Having an Available Rabbi
Many halachic questions come up over the course of any NICU journey, from electric doors in hospitals to medical decisions. It is helpful to have a rabbinical authority who is available to answer your questions as they come up.
Additionally, when asking for Halachic rulings regarding medical issues, please keep in mind that some, but not all Rabbis are experts in preemie care. If you intend on asking anyone medical advice please be sure to inquire about the extent of their knowledge in this particular field. If your usual Rabbi is unfamiliar or inexperienced with preemies, it is okay to ask him for a recommendation of someone that is.
Keep in mind that when dealing with premature infants many halachic leniencys may apply. Don’t hesitate to ask your Rabbi any questions you may have.
Questions you may want to ask your Rabbi:
- What is permissible on Shabbos and Yom Tov in caring for a new mother? (like electronic beds, call buttons, elevators and electronic doors)
- What is permissible on Shabbos in caring for a premature infant?
- Can a caregivers communicate with the hospital staff on Shabbos and Yom Tov?
- What is permissible regarding pumping for a preemie on Shabbos and Yom Tov?
The NICU will generally have a time when all visitors must leave.
While it is a very good idea for parents to go home each night and spend some time taking care of themselves if they can, there are times when you may find it necessary to stay near the hospital overnight.
Here are a few options of places to stay the night near your hospital:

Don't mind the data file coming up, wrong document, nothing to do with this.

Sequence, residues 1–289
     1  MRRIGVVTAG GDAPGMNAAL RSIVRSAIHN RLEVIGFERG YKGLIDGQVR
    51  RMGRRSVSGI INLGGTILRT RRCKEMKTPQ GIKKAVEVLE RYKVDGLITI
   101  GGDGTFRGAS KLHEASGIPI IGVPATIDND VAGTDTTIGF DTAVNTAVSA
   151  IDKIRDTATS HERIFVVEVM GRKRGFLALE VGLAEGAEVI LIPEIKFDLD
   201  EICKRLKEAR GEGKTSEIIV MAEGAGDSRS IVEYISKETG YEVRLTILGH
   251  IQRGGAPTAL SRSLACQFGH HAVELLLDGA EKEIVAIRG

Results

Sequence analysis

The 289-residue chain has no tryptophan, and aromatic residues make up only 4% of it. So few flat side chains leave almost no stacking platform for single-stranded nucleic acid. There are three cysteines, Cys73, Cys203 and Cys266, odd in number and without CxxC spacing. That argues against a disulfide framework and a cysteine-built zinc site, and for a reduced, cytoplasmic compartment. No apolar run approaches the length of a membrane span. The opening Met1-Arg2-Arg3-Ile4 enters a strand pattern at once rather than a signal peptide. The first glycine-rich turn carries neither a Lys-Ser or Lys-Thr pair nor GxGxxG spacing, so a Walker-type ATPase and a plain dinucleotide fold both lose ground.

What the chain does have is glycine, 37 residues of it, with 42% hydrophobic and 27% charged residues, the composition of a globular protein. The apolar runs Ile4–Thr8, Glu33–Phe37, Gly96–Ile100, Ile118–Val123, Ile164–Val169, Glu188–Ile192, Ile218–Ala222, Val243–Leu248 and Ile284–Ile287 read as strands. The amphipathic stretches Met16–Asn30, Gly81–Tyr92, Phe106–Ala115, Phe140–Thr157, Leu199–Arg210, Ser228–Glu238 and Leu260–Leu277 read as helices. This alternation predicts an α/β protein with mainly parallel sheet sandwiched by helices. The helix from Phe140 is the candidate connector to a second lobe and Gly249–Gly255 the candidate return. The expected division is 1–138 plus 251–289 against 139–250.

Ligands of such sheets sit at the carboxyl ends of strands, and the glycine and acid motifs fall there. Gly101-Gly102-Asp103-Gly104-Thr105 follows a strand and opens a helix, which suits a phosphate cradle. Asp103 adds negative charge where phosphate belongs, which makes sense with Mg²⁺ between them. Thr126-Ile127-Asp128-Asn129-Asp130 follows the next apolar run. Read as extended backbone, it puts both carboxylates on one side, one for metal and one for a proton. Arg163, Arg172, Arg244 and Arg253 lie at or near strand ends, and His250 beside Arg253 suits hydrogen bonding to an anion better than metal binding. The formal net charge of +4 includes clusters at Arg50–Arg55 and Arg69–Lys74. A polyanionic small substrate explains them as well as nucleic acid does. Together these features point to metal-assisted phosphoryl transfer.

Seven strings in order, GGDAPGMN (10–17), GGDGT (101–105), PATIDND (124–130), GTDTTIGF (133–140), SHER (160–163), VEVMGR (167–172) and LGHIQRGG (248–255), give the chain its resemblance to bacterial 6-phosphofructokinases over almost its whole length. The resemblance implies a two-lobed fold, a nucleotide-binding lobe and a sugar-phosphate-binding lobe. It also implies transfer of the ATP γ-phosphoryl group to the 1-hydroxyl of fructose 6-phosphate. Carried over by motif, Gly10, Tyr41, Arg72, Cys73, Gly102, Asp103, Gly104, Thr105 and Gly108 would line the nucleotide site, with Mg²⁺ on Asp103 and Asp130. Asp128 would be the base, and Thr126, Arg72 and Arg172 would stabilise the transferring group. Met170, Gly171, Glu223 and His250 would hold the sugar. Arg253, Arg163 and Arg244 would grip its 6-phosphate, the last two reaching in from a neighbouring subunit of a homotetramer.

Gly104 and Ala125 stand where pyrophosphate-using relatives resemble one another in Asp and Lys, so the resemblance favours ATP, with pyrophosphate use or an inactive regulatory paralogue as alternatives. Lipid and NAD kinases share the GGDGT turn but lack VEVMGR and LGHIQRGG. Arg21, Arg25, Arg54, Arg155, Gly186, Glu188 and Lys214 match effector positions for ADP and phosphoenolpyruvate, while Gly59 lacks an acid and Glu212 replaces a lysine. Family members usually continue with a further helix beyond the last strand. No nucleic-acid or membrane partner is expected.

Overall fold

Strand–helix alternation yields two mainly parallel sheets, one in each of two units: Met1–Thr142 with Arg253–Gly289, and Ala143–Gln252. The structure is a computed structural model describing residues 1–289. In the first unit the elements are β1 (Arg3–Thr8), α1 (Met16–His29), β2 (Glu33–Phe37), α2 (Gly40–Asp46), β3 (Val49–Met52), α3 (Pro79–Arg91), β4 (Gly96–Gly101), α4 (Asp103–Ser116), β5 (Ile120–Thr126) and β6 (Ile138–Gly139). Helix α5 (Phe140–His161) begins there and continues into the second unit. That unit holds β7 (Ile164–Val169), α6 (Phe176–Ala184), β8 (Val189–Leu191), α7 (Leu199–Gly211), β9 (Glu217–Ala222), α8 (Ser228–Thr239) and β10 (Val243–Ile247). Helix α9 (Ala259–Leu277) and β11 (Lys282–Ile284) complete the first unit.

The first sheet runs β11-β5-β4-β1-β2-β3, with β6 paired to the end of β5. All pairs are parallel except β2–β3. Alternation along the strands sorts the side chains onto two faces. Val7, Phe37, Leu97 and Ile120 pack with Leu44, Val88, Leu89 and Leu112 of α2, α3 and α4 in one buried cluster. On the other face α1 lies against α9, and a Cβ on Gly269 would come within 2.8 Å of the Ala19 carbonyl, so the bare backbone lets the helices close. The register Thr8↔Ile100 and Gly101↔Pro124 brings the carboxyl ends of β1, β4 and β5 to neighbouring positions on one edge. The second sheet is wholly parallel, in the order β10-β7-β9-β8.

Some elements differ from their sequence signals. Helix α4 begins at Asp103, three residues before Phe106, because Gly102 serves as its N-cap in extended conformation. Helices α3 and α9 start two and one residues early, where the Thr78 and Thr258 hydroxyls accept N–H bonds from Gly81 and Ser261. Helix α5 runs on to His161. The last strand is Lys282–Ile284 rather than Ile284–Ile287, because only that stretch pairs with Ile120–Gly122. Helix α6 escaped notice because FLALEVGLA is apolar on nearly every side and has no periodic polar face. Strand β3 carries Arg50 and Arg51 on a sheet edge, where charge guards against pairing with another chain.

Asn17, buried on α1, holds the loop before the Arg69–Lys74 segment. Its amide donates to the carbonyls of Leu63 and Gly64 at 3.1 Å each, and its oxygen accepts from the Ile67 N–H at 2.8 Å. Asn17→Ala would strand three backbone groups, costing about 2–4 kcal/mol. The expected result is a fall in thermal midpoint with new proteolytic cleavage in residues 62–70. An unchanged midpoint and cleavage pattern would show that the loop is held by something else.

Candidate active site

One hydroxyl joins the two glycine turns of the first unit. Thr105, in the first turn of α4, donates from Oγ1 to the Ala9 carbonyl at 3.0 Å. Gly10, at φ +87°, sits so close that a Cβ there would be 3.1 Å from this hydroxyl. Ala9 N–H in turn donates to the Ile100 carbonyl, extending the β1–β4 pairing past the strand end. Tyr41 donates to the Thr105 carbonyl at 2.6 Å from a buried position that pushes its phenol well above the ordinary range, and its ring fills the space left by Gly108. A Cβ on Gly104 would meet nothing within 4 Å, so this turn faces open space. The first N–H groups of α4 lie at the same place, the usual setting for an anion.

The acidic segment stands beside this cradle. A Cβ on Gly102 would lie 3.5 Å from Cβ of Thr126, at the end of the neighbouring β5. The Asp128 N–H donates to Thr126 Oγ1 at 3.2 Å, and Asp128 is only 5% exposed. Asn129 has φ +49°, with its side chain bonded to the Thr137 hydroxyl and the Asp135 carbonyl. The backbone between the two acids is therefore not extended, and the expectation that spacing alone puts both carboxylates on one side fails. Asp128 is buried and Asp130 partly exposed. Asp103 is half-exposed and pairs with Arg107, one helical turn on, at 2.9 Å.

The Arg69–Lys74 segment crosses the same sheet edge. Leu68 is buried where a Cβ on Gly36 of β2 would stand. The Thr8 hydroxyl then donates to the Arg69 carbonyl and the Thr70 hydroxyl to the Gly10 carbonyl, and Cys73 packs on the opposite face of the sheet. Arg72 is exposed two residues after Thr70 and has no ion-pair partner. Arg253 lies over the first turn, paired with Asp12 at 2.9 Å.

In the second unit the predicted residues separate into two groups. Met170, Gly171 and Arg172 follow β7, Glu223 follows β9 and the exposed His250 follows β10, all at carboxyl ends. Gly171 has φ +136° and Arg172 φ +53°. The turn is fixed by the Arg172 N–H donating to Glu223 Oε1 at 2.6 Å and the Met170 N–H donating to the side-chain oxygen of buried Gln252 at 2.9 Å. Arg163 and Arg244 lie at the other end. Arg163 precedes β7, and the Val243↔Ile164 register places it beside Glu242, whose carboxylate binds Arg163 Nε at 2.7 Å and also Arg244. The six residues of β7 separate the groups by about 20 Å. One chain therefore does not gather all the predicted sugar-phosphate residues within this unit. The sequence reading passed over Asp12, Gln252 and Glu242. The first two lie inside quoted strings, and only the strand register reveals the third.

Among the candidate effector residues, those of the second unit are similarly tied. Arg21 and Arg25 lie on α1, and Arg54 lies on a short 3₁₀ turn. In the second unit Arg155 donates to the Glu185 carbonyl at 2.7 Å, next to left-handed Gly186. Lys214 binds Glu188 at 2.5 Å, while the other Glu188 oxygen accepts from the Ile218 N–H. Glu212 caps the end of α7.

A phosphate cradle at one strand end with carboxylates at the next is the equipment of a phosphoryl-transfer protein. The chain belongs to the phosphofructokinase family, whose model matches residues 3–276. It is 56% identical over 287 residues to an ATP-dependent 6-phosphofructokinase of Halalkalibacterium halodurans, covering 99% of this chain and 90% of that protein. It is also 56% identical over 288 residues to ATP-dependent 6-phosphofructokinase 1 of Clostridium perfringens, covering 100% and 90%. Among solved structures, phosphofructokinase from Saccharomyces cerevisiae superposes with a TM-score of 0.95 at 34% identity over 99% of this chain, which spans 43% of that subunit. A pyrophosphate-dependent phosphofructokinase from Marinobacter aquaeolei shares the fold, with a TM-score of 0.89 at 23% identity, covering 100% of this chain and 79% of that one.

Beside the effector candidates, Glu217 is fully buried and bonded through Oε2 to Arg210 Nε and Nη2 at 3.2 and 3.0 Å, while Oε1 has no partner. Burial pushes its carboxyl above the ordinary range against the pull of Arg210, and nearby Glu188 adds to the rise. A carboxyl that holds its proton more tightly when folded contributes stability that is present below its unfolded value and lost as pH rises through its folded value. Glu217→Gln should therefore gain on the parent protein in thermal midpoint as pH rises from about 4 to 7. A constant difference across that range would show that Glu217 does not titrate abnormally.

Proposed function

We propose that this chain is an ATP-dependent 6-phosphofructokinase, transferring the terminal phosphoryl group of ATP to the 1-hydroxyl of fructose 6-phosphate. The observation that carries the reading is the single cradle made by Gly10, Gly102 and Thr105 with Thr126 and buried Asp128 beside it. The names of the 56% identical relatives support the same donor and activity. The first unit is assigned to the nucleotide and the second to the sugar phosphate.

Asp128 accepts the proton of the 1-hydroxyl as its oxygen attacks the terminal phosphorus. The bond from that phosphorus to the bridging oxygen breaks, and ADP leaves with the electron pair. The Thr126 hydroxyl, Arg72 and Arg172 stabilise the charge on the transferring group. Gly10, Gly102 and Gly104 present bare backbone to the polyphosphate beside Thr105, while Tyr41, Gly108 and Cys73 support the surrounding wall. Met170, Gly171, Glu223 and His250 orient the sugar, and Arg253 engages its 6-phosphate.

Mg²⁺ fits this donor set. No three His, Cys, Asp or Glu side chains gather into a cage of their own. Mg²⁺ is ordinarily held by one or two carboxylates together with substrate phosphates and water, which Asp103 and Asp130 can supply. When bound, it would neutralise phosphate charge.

Most large hospitals have hotels near them. You can ask the hospital staff or just google “Hotels near me.”
2. Hospital Guest facilities
Some hospitals may offer hotel-like facilities which are very close to the hospital. Once again, you can ask hospital staff for more information on these, though in NYC hospitals they are often expensive and booked months in advance .
3. Bikur Cholim apartments or rooms
These are apartments and rooms which are owned by local chesed organizations and available for use by people who must stay near the hospital.
Some information about such housing is available here.
If you do not see your hospital, you can try to contact members of the local community or the local Chabad.
If your hospital is in the tri-state area, there is likely a kosher restaurant or grocery near you as well as a Bikur Cholim room which is usually stocked with food. There may even be kosher food in your hospital cafeteria.
This list can help you find kosher food sources in your hospital.
Additionally, the app called Great Kosher Restaurants will sense your location and tell you which kosher restaurants are near you. Its incredibly helpful when you are in an unfamiliar location.
If your hospital is not in the tri-state area, there may be kosher food near you. You can ask your hospital staff if there is a Bikur Cholim room in your hospital. (You may be pleasantly surprised.)
You may also be able to find a source by googling “Kosher Food Near Me.” If this yields no result you, can try to find out information on the Jewish community near you by contacting the local Chabad house. They should be able to help you with any religious related needs you may have while spending time at the hospital.